Auction Price Anomalies: Evidence from Wool Auctions in Australia
AbstractUsing detailed Australian wool auction data we test for further evidence of pricing anomalies at sequential auctions. We find that an anomaly frequently exists and order is frequently endogenously determined. Moreover, prices increase through some sales and decrease through others. We examine whether it is possible to explain the variation in the anomaly across sales and conclude that there is no systematic relationship between the direction of the price anomaly and the characteristics of the wool or the auction. We do, however, find evidence that an anomaly is more likely in longer sales. Copyright � 2004 Economic Society of Australia..
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Bibliographic InfoArticle provided by The Economic Society of Australia in its journal The Economic Record.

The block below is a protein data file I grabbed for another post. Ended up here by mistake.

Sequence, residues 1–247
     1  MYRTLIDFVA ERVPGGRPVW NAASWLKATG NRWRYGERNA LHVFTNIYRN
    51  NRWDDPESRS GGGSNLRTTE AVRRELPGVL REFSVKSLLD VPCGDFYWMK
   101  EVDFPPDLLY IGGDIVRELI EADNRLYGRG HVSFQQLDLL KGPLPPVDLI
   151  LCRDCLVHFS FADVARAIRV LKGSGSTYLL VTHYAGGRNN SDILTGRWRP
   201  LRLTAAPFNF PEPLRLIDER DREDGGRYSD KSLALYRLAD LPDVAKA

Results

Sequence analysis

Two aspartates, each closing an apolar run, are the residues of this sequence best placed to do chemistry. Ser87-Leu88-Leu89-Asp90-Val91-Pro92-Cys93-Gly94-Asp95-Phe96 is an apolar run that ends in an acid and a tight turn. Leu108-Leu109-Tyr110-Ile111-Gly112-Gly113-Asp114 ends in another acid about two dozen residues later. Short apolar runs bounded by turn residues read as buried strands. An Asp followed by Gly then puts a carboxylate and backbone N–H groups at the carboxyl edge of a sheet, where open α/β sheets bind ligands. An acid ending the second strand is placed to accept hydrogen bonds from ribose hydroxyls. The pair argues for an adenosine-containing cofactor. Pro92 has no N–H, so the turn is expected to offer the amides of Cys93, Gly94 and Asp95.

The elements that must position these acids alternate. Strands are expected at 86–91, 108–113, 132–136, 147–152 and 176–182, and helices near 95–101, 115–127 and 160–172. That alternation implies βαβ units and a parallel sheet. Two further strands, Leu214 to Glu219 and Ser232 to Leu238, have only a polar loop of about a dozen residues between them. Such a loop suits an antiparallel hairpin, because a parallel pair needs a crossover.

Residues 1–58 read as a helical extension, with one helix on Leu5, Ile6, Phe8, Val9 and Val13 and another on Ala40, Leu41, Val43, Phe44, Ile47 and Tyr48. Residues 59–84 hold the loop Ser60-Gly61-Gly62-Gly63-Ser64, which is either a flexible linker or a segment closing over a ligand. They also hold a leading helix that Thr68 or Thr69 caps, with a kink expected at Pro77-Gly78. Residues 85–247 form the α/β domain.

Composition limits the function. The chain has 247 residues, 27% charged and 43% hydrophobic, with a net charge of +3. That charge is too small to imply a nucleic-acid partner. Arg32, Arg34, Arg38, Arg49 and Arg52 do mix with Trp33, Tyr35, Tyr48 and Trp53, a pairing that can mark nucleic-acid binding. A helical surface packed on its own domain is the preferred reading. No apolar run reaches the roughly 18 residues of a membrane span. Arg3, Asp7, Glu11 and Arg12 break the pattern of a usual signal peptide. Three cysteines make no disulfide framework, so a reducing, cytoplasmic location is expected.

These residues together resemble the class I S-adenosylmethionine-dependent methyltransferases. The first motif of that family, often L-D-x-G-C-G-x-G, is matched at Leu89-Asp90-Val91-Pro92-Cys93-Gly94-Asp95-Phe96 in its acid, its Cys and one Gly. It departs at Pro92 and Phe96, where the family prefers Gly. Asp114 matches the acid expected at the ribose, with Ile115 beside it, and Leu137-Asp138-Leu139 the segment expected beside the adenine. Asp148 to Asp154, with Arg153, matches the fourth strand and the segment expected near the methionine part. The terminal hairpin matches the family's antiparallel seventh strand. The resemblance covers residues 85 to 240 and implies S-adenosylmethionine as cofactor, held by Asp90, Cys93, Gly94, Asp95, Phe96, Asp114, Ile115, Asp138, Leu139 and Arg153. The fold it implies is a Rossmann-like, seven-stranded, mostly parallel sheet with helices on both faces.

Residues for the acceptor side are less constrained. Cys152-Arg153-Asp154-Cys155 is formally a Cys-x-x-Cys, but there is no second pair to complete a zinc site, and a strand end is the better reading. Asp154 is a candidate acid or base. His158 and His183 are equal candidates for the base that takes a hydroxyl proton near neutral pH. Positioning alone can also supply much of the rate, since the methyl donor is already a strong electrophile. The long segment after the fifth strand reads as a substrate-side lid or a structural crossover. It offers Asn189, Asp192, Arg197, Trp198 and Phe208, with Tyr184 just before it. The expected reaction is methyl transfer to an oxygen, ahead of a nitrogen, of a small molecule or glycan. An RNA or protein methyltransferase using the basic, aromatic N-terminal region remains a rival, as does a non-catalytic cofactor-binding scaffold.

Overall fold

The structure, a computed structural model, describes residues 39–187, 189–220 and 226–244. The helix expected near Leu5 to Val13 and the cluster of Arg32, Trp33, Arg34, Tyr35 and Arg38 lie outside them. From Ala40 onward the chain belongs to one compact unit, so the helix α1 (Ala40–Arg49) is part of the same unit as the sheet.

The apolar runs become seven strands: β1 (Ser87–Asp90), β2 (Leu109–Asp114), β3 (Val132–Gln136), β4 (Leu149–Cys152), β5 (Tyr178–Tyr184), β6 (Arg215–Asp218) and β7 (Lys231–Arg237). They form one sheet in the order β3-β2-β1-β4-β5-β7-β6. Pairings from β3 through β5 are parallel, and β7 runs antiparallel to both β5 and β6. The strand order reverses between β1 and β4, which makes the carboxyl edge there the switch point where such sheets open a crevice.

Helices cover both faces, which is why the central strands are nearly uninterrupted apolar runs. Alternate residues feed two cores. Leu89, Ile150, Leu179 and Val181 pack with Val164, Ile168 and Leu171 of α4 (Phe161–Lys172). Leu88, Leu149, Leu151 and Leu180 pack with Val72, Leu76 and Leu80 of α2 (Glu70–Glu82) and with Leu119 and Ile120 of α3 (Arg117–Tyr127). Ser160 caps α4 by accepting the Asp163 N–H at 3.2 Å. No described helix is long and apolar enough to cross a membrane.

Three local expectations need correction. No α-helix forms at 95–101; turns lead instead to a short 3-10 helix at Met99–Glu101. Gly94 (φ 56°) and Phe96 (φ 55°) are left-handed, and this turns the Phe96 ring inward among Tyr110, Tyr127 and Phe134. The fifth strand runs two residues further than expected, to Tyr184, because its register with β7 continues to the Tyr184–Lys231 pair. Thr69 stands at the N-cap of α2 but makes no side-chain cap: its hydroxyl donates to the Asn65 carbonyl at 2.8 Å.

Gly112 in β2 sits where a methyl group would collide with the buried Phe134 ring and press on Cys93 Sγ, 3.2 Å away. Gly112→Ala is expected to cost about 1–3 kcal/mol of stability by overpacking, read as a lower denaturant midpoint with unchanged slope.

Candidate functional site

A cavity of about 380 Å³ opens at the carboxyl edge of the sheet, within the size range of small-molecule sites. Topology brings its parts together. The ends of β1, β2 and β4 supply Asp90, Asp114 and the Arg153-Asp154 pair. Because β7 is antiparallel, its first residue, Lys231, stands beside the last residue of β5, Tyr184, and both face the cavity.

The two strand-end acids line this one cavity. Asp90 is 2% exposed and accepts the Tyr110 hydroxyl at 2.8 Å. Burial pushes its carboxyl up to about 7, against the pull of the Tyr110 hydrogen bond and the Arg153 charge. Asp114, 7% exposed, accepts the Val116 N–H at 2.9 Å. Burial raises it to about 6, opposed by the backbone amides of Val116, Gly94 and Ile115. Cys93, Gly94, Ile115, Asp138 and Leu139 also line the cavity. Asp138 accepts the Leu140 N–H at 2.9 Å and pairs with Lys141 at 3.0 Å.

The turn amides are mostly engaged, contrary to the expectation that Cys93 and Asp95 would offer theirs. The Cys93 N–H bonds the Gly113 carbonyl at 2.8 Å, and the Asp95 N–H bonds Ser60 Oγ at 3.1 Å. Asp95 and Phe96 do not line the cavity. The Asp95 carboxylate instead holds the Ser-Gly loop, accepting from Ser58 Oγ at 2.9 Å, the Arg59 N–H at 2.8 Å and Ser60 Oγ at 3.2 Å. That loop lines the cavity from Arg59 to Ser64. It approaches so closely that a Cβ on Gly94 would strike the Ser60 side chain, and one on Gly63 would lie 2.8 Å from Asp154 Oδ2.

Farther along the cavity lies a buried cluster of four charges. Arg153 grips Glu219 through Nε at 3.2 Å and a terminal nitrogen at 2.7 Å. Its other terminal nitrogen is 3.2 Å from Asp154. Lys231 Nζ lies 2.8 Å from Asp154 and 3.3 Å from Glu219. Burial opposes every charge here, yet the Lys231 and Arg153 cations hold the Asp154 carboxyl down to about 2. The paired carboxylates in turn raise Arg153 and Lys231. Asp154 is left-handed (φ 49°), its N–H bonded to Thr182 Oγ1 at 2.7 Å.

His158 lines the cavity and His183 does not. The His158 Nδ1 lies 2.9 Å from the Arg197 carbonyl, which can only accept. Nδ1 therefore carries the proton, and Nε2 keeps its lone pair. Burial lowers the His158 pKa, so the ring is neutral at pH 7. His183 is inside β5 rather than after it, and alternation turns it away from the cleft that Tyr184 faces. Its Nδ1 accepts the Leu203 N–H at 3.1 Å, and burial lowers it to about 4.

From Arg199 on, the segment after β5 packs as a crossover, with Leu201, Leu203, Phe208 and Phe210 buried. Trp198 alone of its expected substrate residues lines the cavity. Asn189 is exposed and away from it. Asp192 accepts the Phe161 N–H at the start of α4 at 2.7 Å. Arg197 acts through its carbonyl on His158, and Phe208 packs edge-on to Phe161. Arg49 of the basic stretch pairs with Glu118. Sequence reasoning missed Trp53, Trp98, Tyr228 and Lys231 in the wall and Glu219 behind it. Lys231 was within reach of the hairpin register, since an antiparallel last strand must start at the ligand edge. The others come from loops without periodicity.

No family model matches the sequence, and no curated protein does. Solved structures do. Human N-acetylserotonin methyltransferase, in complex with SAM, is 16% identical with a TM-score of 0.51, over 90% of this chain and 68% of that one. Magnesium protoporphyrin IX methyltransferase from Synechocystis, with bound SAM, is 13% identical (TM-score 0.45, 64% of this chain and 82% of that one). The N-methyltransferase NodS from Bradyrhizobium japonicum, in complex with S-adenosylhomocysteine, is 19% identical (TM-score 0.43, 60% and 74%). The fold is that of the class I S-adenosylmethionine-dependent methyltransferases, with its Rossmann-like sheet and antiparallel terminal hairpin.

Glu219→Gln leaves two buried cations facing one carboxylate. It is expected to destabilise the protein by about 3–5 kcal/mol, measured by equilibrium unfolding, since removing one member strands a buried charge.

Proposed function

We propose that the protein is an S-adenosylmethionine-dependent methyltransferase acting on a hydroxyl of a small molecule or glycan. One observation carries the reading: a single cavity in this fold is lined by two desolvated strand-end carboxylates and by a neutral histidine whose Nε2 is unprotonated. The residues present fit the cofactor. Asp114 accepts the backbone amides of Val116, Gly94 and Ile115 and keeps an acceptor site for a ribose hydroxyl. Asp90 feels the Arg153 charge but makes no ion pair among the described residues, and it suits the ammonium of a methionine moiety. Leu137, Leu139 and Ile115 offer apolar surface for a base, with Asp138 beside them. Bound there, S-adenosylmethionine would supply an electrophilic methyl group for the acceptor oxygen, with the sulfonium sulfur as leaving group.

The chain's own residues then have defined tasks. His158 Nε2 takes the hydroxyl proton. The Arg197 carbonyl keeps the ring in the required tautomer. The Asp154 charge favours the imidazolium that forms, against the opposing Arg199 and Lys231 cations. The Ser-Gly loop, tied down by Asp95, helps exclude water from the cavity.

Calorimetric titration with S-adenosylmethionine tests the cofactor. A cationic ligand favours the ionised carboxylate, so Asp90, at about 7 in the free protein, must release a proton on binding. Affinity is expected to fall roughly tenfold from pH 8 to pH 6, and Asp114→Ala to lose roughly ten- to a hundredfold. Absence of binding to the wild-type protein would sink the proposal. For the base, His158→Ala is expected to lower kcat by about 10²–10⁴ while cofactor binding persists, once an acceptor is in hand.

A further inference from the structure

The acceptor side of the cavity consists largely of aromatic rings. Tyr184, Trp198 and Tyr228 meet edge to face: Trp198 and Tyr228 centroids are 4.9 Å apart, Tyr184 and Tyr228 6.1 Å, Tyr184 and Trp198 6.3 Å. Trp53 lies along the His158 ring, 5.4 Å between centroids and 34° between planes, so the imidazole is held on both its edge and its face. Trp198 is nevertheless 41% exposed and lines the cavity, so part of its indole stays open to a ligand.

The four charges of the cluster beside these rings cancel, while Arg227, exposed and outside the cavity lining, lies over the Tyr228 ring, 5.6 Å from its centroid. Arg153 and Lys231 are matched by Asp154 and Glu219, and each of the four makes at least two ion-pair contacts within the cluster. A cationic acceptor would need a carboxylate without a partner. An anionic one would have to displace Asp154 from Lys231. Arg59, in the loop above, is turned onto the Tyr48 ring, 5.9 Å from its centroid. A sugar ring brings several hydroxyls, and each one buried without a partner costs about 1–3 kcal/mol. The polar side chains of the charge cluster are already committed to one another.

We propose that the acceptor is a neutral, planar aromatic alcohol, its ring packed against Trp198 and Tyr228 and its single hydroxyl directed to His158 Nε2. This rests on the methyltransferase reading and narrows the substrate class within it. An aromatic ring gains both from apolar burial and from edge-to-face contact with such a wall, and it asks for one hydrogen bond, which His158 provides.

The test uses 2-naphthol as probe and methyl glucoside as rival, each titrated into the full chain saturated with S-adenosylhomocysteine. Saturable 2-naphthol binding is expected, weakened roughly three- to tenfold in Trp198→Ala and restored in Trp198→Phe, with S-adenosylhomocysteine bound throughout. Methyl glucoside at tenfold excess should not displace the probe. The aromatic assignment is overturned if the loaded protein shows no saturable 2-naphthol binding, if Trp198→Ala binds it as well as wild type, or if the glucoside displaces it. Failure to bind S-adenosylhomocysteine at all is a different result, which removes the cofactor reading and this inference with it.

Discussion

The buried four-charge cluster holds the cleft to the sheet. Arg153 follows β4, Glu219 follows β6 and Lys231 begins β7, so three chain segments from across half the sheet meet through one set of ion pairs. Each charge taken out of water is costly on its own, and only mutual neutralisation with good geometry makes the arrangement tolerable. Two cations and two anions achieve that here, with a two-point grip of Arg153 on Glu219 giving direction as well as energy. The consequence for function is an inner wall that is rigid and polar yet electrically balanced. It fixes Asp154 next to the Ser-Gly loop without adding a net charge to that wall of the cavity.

Volume (Year): 80 (2004)
Issue (Month): 250 (09)
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Other versions of this item:
- Jones, C. & Menezes, F. & Vella, F., 1996. "Auctions Price Anomalies: Evidence from Wool Auctions in Australia," Papers 303, Australian National University - Department of Economics.
- D44 - Microeconomics - - Market Structure and Pricing - - - Auctions
- D40 - Microeconomics - - Market Structure and Pricing - - - General
- L79 - Industrial Organization - - Industry Studies: Primary Products and Construction - - - Other
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- Flavio Marques Menezes & Richard Engelbrecht-Wiggans, 2001.
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- Gerard J. van den Berg & Jan C. van Ours & Menno P. Pradhan, 1999. "Declining Prices in the Sequential Dutch Flower Auction of Roses," Tinbergen Institute Discussion Papers 99-074/3, Tinbergen Institute.
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- Stuart Kells, 2001. "Prices In Sequential Auctions: Preliminary Evidence From Australian Rare Book Auctions," Department of Economics - Working Papers Series 820, The University of Melbourne.
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